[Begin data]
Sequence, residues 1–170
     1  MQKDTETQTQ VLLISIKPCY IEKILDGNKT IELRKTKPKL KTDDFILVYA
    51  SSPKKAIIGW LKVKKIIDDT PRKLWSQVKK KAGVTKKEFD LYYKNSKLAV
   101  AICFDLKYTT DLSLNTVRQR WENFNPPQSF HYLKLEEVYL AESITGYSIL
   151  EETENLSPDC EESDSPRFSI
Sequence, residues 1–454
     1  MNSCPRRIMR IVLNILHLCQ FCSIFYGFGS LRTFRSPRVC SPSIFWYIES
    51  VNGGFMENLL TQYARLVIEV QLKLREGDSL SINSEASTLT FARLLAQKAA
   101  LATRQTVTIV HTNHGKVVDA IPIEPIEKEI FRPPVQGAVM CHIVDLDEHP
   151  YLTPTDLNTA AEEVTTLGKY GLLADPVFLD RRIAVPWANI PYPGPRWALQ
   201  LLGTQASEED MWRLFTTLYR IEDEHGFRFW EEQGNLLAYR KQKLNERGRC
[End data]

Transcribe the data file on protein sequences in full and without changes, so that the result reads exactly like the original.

Sequence, residues 1–170
     1  MQKDTETQTQ VLLISIKPCY IEKILDGNKT IELRKTKPKL KTDDFILVYA
    51  SSPKKAIIGW LKVKKIIDDT PRKLWSQVKK KAGVTKKEFD LYYKNSKLAV
   101  AICFDLKYTT DLSLNTVRQR WENFNPPQSF HYLKLEEVYL AESITGYSIL
   151  EETENLSPDC EESDSPRFSI
Sequence, residues 1–454
     1  MNSCPRRIMR IVLNILHLCQ FCSIFYGFGS LRTFRSPRVC SPSIFWYIES
    51  VNGGFMENLL TQYARLVIEV QLKLREGDSL SINSEASTLT FARLLAQKAA
   101  LATRQTVTIV HTNHGKVVDA IPIEPIEKEI FRPPVQGAVM CHIVDLDEHP
   151  YLTPTDLNTA AEEVTTLGKY GLLADPVFLD RRIAVPWANI PYPGPRWALQ
   201  LLGTQASEED MWRLFTTLYR IEDEHGFRFW EEQGNLLAYR KQKLNERGRC